News 21 Dec 2018

Self-employed persons in Finland favour subcontractors 

Around one quarter of self-employed persons said in 2017 that they were planning to hire one or more employees in the next 12 months or so. Of the employer entrepreneurs, over one-half planned to hire additional labour force, but 14 per cent of self-employed persons without employees also considered hiring their first employee. Around one-fifth of self-employed persons in agriculture had considered hiring. Among self-employed men the plans to hire were more common than among women.

Has planned on hiring one or more employees during the next 12 months, self-employed persons by gender and type of self-employed person, %

When the workload in an enterprise grows, self-employed persons more often plan to use subcontractors than to hire employees. Of the self-employed persons active in Finland, 44 per cent used subcontractors in 2017 and even more planned to use subcontractors in the future.

The majority, or 70 per cent of self-employed persons active in Finland also said they convey orders to one another, share work or develop joint projects with other self-employed persons. This kind of network-like activity was slightly more common among men than among women.

“In Eurostat’s comparison, network-like working seems to be particularly common for self-employed persons active in Finland, after Norway and Iceland”, says Senior Researcher Anna Pärnänen from Statistics Finland. 

Self-employed persons without hired employees had several reasons for not planning to hire labour force in the near future either. The most common reasons were the desire to employ primarily oneself and too high indirect employee costs when hiring. The reason was also that customers wanted a self-employed person to do the job, insufficient amount of work and a desire to rather work with sub-contractors or business partners.

Around 1 per cent of the employed have combined work

In Statistics Finland’s Labour Force Survey, a person’s occupational status is determined based on the work done in the survey week. If there are several different jobs or work places, the one where most working hours were done is usually selected as the main job.

Of all employed persons, around one per cent, or around 30,000 persons, had worked as both an employee and an entrepreneur so varyingly during the last 12 months that they could not name either form of working as their main occupational status. However, these persons have been classified as either only employees or entrepreneurs in the labour force statistics. The situation is called combined work here.

“The group of persons doing combined work is small, but especially challenging from the viewpoint of social security legislation”, says Senior Researcher Hanna Sutela from Statistics Finland.

Especially young people aged under 35 do combined work, but there was hardly any difference between genders.

Combination of paid work and entrepreneurial work in the last 12 months, share of employed persons, employees and self-employed persons, %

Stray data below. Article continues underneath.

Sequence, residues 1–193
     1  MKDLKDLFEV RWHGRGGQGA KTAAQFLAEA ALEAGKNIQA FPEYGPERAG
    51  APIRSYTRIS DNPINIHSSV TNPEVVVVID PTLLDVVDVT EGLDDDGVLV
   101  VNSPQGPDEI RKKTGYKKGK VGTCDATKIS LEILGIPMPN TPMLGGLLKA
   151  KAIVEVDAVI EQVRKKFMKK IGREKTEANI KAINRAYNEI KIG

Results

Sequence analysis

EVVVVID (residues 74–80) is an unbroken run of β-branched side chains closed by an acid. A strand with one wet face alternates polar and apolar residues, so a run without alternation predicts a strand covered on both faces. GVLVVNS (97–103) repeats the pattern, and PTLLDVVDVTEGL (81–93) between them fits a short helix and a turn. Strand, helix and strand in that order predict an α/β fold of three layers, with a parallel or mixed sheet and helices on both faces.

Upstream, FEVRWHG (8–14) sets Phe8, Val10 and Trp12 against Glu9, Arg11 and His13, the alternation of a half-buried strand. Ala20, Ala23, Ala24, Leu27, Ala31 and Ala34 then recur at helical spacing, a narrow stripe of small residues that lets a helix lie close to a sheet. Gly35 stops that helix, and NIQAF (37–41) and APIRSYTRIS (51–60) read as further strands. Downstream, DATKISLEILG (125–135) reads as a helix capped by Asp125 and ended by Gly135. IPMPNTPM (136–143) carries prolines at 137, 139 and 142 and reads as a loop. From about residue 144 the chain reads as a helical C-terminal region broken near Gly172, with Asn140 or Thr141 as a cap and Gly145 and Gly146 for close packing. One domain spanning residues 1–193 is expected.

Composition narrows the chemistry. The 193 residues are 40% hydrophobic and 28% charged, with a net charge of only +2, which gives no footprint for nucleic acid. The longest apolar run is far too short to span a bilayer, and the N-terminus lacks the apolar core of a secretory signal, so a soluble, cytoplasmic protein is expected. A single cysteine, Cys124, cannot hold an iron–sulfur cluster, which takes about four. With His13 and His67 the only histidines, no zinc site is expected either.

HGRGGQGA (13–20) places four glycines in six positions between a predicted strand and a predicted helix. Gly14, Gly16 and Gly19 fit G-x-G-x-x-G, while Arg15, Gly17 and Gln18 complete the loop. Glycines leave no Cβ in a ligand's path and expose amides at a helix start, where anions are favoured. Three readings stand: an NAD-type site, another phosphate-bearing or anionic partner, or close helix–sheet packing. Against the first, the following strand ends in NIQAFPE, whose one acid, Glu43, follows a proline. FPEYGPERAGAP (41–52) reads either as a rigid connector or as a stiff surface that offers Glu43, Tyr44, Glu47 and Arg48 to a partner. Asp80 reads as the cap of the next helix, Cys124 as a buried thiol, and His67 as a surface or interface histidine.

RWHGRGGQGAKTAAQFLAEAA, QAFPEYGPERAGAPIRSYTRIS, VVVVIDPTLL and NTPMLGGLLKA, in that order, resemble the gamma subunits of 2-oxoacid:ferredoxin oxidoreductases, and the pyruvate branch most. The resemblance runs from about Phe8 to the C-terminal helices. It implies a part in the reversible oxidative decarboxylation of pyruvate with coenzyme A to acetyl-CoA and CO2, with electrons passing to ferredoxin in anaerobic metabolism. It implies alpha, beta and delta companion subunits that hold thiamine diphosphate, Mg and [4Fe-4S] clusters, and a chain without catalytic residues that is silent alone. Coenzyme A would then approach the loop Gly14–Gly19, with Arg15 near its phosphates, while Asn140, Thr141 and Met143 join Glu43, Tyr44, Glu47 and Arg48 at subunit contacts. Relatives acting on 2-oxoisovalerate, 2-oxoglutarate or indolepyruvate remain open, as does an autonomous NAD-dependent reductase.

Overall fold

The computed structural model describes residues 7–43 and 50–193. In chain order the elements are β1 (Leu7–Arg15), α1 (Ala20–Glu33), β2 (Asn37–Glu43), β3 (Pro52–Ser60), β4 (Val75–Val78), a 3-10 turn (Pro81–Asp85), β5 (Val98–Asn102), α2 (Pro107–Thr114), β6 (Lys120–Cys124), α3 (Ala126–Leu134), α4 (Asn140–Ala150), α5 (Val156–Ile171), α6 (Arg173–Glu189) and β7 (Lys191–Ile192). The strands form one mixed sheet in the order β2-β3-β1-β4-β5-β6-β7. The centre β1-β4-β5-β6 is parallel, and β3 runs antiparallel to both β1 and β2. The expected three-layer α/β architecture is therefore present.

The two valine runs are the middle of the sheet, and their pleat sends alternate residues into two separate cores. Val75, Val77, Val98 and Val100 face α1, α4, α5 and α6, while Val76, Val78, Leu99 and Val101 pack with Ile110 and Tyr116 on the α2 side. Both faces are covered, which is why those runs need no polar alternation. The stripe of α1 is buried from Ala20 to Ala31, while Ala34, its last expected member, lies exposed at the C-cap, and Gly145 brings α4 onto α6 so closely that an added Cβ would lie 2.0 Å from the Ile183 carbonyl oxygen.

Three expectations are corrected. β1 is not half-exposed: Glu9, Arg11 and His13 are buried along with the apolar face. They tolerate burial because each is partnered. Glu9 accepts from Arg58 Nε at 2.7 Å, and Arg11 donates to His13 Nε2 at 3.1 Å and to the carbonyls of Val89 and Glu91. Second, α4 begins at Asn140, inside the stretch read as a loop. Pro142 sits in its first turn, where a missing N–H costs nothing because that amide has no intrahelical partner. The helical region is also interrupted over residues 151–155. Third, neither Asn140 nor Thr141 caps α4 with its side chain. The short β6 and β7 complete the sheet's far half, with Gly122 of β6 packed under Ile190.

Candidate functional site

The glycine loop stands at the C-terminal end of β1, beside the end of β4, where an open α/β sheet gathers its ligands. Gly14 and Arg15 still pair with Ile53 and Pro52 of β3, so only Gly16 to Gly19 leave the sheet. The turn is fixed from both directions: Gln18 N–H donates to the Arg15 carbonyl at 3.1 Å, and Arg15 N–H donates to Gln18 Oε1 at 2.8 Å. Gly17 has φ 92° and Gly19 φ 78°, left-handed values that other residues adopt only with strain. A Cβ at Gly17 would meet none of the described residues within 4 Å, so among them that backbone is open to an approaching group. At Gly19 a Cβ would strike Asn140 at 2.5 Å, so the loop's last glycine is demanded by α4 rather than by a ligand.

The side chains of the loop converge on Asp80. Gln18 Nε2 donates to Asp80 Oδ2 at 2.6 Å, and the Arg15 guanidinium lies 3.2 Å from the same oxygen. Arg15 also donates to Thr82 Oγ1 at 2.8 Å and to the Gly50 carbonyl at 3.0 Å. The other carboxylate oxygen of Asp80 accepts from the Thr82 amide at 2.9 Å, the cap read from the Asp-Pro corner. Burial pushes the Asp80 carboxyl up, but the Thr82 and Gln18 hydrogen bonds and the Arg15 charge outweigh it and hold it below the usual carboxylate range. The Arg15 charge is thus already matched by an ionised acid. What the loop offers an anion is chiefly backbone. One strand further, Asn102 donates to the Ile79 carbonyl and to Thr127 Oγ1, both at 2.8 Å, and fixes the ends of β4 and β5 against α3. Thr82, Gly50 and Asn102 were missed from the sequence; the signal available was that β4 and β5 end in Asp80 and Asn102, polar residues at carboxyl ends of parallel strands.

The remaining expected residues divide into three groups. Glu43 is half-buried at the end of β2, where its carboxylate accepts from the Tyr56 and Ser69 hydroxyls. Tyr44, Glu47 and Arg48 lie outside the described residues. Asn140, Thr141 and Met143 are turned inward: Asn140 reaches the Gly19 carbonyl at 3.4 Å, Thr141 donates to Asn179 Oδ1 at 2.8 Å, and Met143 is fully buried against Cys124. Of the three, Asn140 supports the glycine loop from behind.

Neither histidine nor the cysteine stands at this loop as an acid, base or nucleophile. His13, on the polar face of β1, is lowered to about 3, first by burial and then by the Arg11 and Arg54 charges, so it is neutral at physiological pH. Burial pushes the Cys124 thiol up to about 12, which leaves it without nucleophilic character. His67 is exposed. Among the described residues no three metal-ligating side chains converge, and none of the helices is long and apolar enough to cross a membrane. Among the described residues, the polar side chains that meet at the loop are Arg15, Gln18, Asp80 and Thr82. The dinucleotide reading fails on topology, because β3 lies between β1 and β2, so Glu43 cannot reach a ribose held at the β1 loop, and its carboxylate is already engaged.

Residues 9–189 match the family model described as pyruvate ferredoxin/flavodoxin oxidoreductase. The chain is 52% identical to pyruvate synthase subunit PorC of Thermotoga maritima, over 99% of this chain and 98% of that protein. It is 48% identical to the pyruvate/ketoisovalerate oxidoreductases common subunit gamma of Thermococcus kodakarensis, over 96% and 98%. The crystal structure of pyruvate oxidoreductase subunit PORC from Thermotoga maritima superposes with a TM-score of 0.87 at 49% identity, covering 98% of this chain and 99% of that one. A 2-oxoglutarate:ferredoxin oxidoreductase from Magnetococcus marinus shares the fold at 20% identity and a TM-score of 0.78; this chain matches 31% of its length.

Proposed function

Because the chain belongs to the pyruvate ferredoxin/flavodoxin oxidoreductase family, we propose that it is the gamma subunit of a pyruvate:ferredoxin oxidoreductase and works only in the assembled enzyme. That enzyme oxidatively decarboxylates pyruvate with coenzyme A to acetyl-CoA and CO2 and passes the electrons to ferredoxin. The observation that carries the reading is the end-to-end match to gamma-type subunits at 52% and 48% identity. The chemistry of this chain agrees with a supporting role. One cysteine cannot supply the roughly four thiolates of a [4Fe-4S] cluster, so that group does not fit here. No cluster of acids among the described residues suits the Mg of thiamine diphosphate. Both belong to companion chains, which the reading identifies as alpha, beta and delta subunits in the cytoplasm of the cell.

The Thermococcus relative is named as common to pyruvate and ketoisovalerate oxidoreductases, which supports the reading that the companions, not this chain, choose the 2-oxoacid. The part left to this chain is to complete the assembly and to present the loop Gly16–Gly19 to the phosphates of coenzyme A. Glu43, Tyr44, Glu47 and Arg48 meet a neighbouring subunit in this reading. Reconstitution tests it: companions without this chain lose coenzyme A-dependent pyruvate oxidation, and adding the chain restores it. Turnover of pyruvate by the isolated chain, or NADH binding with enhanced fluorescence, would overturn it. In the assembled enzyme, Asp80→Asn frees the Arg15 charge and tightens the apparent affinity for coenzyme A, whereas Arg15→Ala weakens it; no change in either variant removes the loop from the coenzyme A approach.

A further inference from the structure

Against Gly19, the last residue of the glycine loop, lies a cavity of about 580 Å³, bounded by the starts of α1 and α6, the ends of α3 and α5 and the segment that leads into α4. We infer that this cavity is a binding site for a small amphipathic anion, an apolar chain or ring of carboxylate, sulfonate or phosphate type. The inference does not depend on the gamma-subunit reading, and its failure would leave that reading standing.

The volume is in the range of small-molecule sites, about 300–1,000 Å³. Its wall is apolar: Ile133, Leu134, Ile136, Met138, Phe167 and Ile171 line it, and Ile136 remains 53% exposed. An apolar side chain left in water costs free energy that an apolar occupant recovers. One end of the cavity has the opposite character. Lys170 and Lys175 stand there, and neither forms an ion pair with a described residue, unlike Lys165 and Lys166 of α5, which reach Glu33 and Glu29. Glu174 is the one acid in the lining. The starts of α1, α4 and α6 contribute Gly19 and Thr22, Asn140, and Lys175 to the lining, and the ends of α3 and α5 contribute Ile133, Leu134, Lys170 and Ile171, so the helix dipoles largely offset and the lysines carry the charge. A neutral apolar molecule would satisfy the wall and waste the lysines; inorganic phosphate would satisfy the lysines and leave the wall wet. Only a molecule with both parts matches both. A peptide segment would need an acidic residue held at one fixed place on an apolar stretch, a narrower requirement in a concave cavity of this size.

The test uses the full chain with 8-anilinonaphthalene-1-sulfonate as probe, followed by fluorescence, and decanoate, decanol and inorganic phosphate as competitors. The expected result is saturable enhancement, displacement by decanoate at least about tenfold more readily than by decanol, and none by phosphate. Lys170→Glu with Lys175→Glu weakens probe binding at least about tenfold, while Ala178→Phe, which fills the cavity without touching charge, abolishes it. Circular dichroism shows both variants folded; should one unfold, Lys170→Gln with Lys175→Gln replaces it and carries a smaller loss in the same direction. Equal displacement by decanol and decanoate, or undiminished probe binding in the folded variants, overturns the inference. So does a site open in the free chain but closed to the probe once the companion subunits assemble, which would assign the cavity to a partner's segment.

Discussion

In addition to this kind of actual combined work, around eight per cent of self-employed persons had also done paid work, and around five per cent of employees had also done entrepreneurial work in the past 12 months. The share of these persons, who beside their main job had a secondary job with another occupational status of all employed persons, was around six per cent, or around 140,000 persons. 

Clear changes in the structure of self-employed persons

The number of self-employed persons in Finland has remained quite stable during the last couple of decades. However, during this time there has been a clear change in the structure of self-employed persons.

The number and share of self-employed persons in agriculture of all self-employed persons has continuously decreased. The number and share of so-called self-employed persons without employees, that is, persons working as sole entrepreneurs or like entrepreneurs, own-account workers, freelancers and grant recipients has increased correspondingly. There has not been much change in the number of employer entrepreneurs.

Women's share of all self-employed persons is around one-third and the share has not changed during the last couple of decades. Employer entrepreneurs and self-employed persons in agriculture are especially male-dominated groups, while the gender structure is slightly more even among self-employed persons without employees.

Self-employed persons in agriculture, employer entrepreneurs and self-employed persons without employees in Finland in 1997 to 2017, aged 15 to 64 and 15 to 74, 1,000 persons

First comprehensive survey on self-employed persons

The report published by Statistics Finland on Self-employed persons in Finland 2017 is based on a large interview survey, which for the first time studies the situation of different types of self-employed persons with an interview survey based on the population.

The survey consists of two separate parts: the ad-hoc module of the Labour Force Survey concerning self-employed persons conducted in the same way in all EU countries and the national part carried out by Statistics Finland. The report examines issues related to the work situation, working conditions, growth prospects, networking and livelihood as well as social security among self-employed persons.

The survey was financed by the Ministry of Economic Affairs and Employment, the Finnish Innovation Fund Sitra, the Finnish Centre for Pensions, the Finnish Institute of Occupational Health and Statistics Finland.

Source: Self-employed persons in Finland 2017. Statistics Finland.

Further information: Senior Researcher Anna Pärnänen +358 29 552 3795, Senior Researcher Hanna Sutela +358 29 551 2907